CNA Staff, Jul 10, 2020 / 16:34 pm America/Denver (CNA).
A federal judge ruled against an Indiana law requiring medical providers to inform the state if they treat any complications connected to a prior abortion.
U.S. District Judge Richard Young ruled Wednesday that the law was “unconstitutionally vague.” He said the legislation was unclear about how and when doctors should report potential complications, as well as what criteria should be used to determine whether a later condition is tied a previous abortion.
“The indeterminacy of the statute’s requirements denies fair notice to physicians and invites arbitrary enforcement by prosecutors,” Young wrote.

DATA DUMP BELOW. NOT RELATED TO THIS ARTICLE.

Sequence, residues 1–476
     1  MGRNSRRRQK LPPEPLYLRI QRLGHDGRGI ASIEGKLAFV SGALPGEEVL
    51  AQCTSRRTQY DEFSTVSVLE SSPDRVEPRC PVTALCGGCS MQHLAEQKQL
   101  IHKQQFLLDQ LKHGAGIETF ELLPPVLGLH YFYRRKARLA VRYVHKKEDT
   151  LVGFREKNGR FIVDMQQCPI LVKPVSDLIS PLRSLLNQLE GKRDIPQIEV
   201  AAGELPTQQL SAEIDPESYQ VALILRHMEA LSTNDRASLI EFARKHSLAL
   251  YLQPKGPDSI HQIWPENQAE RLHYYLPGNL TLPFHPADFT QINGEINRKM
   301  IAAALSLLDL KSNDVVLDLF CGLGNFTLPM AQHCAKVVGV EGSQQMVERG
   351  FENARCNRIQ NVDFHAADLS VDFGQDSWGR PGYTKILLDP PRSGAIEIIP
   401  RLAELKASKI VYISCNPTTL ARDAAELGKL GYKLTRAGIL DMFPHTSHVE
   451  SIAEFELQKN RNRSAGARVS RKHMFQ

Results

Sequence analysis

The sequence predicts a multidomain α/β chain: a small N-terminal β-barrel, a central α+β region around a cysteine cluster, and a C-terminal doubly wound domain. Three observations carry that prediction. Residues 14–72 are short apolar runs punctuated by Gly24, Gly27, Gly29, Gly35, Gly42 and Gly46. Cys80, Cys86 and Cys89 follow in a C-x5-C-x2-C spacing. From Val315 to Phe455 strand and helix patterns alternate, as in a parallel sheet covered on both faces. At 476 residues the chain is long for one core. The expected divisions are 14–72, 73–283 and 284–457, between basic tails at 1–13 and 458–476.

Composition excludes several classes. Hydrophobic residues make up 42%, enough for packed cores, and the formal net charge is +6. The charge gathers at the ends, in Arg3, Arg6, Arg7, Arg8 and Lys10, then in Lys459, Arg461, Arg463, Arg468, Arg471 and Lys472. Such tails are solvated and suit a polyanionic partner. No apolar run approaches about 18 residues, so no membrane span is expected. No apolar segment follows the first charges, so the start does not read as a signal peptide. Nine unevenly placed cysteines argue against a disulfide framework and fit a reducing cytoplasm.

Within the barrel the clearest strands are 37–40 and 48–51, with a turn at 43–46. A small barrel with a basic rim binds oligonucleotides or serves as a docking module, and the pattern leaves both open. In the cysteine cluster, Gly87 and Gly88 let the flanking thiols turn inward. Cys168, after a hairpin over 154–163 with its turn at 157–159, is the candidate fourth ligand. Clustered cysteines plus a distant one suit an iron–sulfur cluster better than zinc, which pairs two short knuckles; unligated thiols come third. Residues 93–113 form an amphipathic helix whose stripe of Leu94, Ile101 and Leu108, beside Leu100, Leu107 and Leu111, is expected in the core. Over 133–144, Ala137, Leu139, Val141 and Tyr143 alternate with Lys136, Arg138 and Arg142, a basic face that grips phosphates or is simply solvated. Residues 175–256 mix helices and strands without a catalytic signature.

“The language of the statute does not make clear whether the duty to report covers conditions exclusively caused by the abortion procedure, conditions that are only slightly caused or exacerbated by the abortion procedure, or something in between.”
Under the law, there are 26 physical or psychological abortion-related conditions, ranging from depression to future pregnancy complications, that would require a report from doctors to the state. Failure to comply would be punishable by up to 180 days in jail and a $1000 fine.